New super for school district


Adam Jennings, the principal of Tomales High School for the past eight years, will step into the role of superintendent of Shoreline Unified School District this summer. 

The district’s board selected Mr. Jennings through a competitive process to replace Bob Raines, who is retiring after five years at the post and more than four decades in education. 

“Adam has really built a culture that is centered around equity and accountability at the high school, and his efforts to include all students and all families shows,” Mr. Raines said. “He works well with staff: He listens, he incorporates feedback in ways that are exceptional, and he is a leader, stepping in to support and coach our new principals.”

Board member Jill Manning-Sartori added, “Adam has stood out as a rising star in our district from day one.”

A Petaluma resident and father of two, Mr. Jennings worked for a decade in education in the East Bay prior to his time with Shoreline. He was previously an English teacher at Foothill High School for eight years and an assistant principal at Monte Vista High School. Raised in Pleasanton, he earned a degree in English from the University of California, Davis, his teaching credential from San Francisco State University, and his administrative credentials from California State University, East Bay. 

Ms. Manning-Satori said his experience with the district was a huge plus. “Whenever you hire a new superintendent, there is always a learning curve. For an experienced superintendent, the learning curve is getting to know our district, getting to know the teachers, the staff, the parents, the community—that’s a big learning curve,” she said. “If you are like Mr. Jennings, without superintendent experience but with experience with our community, his learning curve will be a bit different but, in my opinion, it will actually be easier.” 

Lourdes Romo, the executive director of Papermill Creek Preschool who has worked with Mr. Jennings in several capacities, including as an advocate for district families, said he connects well with parents. Ms. Romo has one child who graduated from Tomales High and another enrolled currently, and she sat with Mr. Jennings on a committee dedicated to supporting English language learners.  

“Adam was very supportive of my work as a parent and as a volunteer,” Ms. Romo said. “Even after a long day, he never missed an evening meeting, and he was always there and available for parents. He was very responsive to any concerns, very positive. He truly cares for the students and I admire how important the family is to him.”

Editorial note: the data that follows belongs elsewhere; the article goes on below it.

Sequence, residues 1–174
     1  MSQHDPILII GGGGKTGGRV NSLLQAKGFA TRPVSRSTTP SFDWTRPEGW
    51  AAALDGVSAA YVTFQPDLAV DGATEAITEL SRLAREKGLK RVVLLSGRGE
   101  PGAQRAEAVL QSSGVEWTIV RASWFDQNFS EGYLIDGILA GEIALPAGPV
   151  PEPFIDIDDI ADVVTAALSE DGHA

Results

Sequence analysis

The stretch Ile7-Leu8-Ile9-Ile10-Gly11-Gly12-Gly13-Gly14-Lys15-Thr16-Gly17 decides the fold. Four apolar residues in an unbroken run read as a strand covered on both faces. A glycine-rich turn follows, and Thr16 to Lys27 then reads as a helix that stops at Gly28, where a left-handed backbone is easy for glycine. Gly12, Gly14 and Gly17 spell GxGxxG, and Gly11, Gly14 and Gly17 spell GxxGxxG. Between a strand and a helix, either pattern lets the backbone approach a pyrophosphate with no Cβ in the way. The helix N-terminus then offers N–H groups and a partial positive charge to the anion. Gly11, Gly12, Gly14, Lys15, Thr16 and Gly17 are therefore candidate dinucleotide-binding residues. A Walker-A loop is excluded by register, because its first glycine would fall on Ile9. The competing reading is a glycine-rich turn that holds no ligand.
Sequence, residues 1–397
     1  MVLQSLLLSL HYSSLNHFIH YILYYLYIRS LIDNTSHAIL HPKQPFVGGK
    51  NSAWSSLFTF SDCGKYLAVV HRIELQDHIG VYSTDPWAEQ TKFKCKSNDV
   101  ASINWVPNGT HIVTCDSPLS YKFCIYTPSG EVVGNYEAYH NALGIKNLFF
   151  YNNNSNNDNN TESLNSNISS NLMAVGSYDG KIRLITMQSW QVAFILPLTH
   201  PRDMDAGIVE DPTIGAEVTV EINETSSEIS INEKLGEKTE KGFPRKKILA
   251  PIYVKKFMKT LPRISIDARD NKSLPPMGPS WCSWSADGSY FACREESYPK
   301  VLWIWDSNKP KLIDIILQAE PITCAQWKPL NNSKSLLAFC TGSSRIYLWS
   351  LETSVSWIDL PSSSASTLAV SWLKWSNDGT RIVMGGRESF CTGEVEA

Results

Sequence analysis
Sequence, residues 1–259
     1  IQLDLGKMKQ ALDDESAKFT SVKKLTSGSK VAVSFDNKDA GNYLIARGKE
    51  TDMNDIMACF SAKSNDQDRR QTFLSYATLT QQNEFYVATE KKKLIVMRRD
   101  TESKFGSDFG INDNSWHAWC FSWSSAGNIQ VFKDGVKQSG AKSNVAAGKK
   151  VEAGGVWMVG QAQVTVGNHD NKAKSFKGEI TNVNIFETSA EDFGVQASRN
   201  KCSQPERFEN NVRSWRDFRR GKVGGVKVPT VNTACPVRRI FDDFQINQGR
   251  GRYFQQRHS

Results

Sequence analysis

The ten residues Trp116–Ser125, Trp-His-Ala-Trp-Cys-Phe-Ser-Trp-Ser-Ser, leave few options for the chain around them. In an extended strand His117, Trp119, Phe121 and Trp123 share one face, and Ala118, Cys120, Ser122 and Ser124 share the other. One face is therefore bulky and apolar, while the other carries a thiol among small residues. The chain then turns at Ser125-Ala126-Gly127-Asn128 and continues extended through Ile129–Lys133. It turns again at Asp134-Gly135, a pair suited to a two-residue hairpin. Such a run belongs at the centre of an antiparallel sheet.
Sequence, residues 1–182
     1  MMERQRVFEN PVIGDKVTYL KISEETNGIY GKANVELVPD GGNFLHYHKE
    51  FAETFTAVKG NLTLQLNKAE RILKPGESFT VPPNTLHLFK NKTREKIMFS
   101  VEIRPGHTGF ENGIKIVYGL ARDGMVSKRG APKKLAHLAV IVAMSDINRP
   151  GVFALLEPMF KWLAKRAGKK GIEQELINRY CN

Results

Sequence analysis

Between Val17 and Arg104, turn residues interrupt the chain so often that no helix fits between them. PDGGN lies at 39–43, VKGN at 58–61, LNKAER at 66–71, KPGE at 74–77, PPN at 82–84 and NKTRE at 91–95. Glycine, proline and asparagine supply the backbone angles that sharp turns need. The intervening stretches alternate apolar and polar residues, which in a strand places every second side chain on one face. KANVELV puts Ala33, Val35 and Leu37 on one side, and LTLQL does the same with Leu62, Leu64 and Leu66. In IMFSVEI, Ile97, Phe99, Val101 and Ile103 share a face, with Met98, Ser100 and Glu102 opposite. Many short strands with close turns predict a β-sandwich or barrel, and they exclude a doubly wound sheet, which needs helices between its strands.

Ms. Romo said Mr. Jennings’s experience positions him to tackle the greatest challenges facing Shoreline: A troubling achievement gap and continued distance learning despite poor and unequal internet access for students. 

Over the past month, Shoreline kindergartners through sixth graders and Tomales middle school students have been returning to campus. High school students are still working remotely, under restrictions imposed by the state, though recently some high students with insufficient internet began conducting their remote studies at the high school.

While mask-wearing and physical distancing may still be necessary in the fall, Mr. Jennings said he is looking forward to having all of the district’s students on campus. “It will be emotional,” he said. “I think there will be a lot of positivity. I think there will be a desire to celebrate.” 

Using the lessons learned throughout the pandemic is key for Mr. Jennings. “From an educator perspective, we have tapped into the deep recesses of our creativity that we haven’t been as required to tap into, and broken down our practices and built them back up again,” he said. “How can we take that level of passion, reflection and creativity and apply it to what post-Covid education looks like? That is what I’m finding really inspiring right now.” 

He added, “For our kids, you talk about learning loss, and I know that exists, and I also think that our kids have gone through an incredibly unique experience and we have to give them credit for the learning that they have done during this time. What life skills did they learn? And also, how do we pick up the pieces from a year of isolation and social-emotional fallout from that?”

Mr. Raines, whose current salary and benefits amounts to around $200,000, leaves the district in a more stable position than it was for much of his five-year tenure. Principals have come and gone including former West Marin School principal Matt Nagle, who wound up suing the district and Mr. Raines for defamation and retaliation. Parents signed a petition declaring a vote of no confidence in Mr. Raines and trustees over their handling of the matter. In 2019, the district finally reached labor agreements with both the certificated and classified staff, after the former threatened a lawsuit over unpaid raises and the latter conducted a wildcat strike amid labor negotiations. A critical budget officer position sat unfilled for almost two years.

While Mr. Raines made equity a central piece of his mission, the challenge of closing the achievement gap remains formidable: In the latest round of standardized testing, 68 percent of white students and just 27 percent of Latino students passed the English and language arts assessment, while 46 percent of white students and only 16 percent of Latino students met standards in math. 

Mr. Jennings is currently paid salary and benefits of around $180,000. His new salary will be determined at next week’s board meeting.